And Officers Are Elected For The
A meeting of the Maui Women's
ood Conservation Commission was
H id at. the Kiihului Community House
list Saturday at 3 p. m. There
were sixty-seven present.
The report of a meeting of the
Oahu Women's Food Conservation
Commission, held in Honolulu on Oct.
15th , was read and ordered placed
A very comprehensive report from
Mrs. W. A. Clark, of the Makawao
d'strict, was read and approved. Mrs.
Clark reported: "In a great many
ises, especially among the Japanese
and Portuguese, I find that they raise
the greater portion of their own ne
cessities, and I also find that the Jap
anese much prefer their own bean
and rice bread to wheat or rye bread.
In a great many cases it is practically
impossible to show these people how
they can further economize, as, ow
ing to the low wages which the ma
jority of the bread-winners receive,
and the present h'jjh cost of living,
they have to economize in every way
possible. For instance, it is not in-
(Continued on Fage Three.)
Played This Week
During the week the following
matches were played in the ladies'
gingiva tennis: Mrs. Fitzgerald won
from Mrs. Robert Paris; Miss Couch
won from Mrs. W. A. Baldwin; Mrs.
Chillingworth won from Mrs. Dodge;
M'ss Wodehouse won from Miss
Richardson; Miss McAllister won
from Mrs. S. A. Baldwin and Miss
Villiers won from Mrs. Gesner. Sat
urday afternoon at the Puunene courts
Miss Foster meets Miss Hart.
Thursday afternoon Gray Zabriskie
defeated E. R. Bevins in the Wailuku
mill court singles'. W. H. Engle de
feated W. S. Ch'llingworth in the
semi-finals, which puts Engle in the
finals to play the winner of the
With EngleCouch defeating Scho-
enberg-Myhand there rema'ns only
the semi-finals and finals to be play
ed in the mixed doubles.
The semi-final matches to be play
ed this coming week are Engle Couch
vs. Sawyer-Chillingworth and McKen-z'.e-Mcinocke
The following program will be pres
ented by the Puunui band as a"fare-
well" to the Nat'onal Guardsmen at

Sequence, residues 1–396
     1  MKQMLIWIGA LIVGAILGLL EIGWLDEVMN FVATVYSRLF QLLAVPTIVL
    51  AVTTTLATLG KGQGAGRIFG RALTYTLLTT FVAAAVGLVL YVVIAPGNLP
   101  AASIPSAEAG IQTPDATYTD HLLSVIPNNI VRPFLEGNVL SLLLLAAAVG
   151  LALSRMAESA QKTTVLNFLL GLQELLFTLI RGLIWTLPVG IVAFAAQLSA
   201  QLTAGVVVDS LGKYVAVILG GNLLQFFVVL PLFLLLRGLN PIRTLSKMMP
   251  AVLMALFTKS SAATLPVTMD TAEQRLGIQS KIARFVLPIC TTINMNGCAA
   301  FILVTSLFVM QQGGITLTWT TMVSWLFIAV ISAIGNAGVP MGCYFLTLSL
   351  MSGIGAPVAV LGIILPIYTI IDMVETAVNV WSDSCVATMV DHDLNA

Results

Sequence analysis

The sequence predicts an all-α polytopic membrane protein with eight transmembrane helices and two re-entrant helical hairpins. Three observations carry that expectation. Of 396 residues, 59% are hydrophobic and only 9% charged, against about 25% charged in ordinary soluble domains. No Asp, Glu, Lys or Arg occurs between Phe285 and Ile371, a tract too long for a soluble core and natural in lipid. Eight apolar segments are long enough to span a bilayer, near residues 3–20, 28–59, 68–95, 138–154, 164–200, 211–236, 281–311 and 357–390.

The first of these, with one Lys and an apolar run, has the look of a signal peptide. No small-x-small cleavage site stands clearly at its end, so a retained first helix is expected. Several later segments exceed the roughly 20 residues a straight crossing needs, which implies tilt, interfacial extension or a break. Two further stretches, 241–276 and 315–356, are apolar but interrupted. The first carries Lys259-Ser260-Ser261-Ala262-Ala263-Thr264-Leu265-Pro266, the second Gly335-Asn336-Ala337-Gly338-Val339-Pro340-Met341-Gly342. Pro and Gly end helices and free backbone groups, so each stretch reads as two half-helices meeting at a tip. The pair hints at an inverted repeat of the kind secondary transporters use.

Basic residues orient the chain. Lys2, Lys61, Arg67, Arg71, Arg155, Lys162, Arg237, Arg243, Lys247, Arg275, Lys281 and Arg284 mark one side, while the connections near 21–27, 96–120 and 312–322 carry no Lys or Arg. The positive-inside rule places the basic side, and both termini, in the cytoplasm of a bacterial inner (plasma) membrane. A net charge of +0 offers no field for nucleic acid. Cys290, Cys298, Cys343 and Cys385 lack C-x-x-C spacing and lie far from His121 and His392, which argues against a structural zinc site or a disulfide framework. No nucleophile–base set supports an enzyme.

Kahului Sunday afternoon, beginning
1. In the Training Camp, Overture
2. War Eagle March
3. First in Action March
4. Enchanted Knight .... Overture
5. War Heroes March.
6. Off to the Barracks .... March
7. Pleasant Memories.. Serenade.
8, Aloha Oe Hymn
!). Star-Splangled Banner
Olowalu Water Case
Judge Edings this morning sustain
ed two points in the demurrer of de
fendants in the water controversy of
John Keao. et al., vs. Olowalu Sugar
Co., bill for injunction, and five days
were allowed petitioners in which to
file an amended complaint. The points
susla'aed were (1) Misjoinder of par
ty petitioners and cause of action;
(2) Allegations are indefinite and un
certain as they do not show title or
right of petitioners to any water or
water right lands. E. R. Bevins, for
petitioners; Case and Vincent for
AT PUUNENE A
Wailuku Girls Win, But Highs Carry
Off Total Contest In Mat
ter Of Points
LARGE CROWD WITNESSES EVENTS
The swimming meet at Tuunene
Saturday evening, in which the Maul
High School and Wailuku Gymnasium
competed for points, was a most de
lightfully interesting affair, enjoyed
by a large number of people. The
events started about 8 o'clock and
lasted until shortly after 10.
The first event was the 25-yard dash
for boys, and was won by the High
School. Nils Tavares, first; Willie
Kalihua, second; Ted. Hair, third.
Time, 13 seconds.
In the same race for girls, honors